Graduates of the School of Business possess highly sought-after technical and specialized expertise in a functional area of business as well as general leadership, problem-solving, analytical, and decision-making skills. Utilizing these skills, many of the school's 30,000 alumni have achieved remarkable success in business, government, service, and academic arenas worldwide.

The high scholarly productivity and leadership of the school's 84 faculty are regularly noted in national rankings. Recent studies of U.S. and worldwide scholarly research productivity rated UW–Madison School of Business faculty among the top graduate business schools in the country. In addition to world-renowned recognition for research, the School of Business faculty bring a variety of real-world experience to the program.

Named Option in Strategic Human Resources Management

The Wisconsin program in strategic human resource management (SHRM) produces leaders who are equipped with the necessary skills to change tomorrow. The curriculum combines expertise in human resources with the knowledge required to be a strategic business partner. Many of the functional areas of HR and core competencies are covered through academic courses and program activities outside the classroom. The combination of core MBA learning, specialized courses, applied learning opportunities, and human resources internships sets the Wisconsin SHRM program apart from its competitors. See the program website for more information.

Prospective students should see the program website for funding information.

Minimum Degree Requirements and Satisfactory Progress

To make progress toward a graduate degree, students must meet the Graduate School Minimum Degree Requirements and Satisfactory Progress in addition to the requirements of the program.

Master’s Degrees

MBA, with available named option Strategic Human Resource Management

Minimum Graduate Degree Credit Requirement

30 credits

Minimum Graduate Residence Credit Requirement

16 credits

Minimum Graduate Coursework (50%) Requirement

Half of degree coursework (15 credits out of 30 total credits) must be completed in: courses numbered 700 or higher.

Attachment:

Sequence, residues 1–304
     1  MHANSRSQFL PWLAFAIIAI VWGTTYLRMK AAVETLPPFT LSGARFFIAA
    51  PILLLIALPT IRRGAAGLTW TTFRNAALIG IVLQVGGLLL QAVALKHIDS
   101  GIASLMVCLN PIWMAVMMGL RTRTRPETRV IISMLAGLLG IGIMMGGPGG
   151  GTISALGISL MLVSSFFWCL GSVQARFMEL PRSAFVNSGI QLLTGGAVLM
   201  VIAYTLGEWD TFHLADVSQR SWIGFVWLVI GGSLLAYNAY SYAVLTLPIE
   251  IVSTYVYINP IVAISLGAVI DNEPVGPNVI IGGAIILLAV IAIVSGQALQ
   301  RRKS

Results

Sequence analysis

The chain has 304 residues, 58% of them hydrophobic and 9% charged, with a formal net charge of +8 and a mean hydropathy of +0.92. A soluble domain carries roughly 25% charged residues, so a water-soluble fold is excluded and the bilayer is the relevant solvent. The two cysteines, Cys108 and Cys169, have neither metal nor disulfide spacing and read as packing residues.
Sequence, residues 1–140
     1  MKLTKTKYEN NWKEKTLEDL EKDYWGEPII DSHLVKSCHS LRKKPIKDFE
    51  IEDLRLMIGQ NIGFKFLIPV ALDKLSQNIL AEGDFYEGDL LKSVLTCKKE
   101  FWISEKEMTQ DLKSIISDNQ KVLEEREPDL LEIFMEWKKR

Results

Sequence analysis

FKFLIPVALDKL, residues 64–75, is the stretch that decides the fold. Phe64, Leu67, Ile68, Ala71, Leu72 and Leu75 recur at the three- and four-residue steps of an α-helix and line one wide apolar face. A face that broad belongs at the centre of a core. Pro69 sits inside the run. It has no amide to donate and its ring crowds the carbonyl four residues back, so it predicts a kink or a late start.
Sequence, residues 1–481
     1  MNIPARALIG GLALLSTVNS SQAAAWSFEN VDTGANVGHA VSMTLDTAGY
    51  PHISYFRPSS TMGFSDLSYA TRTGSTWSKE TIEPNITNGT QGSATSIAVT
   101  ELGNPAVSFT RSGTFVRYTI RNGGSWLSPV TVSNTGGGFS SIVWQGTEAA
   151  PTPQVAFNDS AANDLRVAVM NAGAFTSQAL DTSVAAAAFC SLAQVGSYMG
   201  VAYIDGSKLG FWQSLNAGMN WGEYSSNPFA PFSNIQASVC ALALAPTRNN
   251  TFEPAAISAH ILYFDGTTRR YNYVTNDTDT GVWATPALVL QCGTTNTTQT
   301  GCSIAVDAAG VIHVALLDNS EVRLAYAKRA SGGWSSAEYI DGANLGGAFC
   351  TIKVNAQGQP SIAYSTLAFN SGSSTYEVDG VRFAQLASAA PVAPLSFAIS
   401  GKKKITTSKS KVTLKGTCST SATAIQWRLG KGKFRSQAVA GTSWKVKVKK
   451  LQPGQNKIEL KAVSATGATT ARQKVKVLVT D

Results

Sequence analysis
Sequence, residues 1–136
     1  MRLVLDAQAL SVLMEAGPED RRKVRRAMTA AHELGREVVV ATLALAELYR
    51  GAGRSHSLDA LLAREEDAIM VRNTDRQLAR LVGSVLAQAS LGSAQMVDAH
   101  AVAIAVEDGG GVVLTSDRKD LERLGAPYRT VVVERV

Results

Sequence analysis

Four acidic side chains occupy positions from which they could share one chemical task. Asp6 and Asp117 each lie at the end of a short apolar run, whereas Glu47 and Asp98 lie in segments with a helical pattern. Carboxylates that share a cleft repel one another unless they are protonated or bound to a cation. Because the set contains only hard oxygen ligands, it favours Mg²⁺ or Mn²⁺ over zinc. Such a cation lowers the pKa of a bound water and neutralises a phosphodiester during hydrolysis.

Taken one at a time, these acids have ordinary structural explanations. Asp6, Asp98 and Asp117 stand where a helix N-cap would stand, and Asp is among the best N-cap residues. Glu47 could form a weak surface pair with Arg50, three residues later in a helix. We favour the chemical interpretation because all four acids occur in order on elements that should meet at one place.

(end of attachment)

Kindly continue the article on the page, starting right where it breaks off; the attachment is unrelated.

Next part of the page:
Prior Coursework Requirements: Graduate Work from Other Institutions

No credits of prior coursework are allowed to satisfy requirements.

Prior Coursework Requirements: UW–Madison Undergraduate

No credits from a UW–Madison undergraduate degree are allowed to count toward the degree.

Prior Coursework Requirements: UW–Madison University Special

No credits of prior coursework are allowed to satisfy requirements.

Credits per Term Allowed

15 credits1

Program-Specific Courses Required

Contact the program for information on any additional required courses.

Overall Graduate GPA Requirement

3.00

Other Grade Requirements

The Graduate School requires an average grade of B or better in all coursework (300 or above, not including research credits) taken as a graduate student unless conditions for probationary status require higher grades. Grades of Incomplete are considered to be unsatisfactory if they are not removed during the next enrolled semester.

Probation Policy

The Graduate School regularly reviews the record of any student who earned grades of BC, C, D, F, or Incomplete in a graduate course (300 or above), or grade of U in research credits. This review could result in academic probation with a hold on future enrollment or in being suspended from the Graduate School.

Advisor / Committee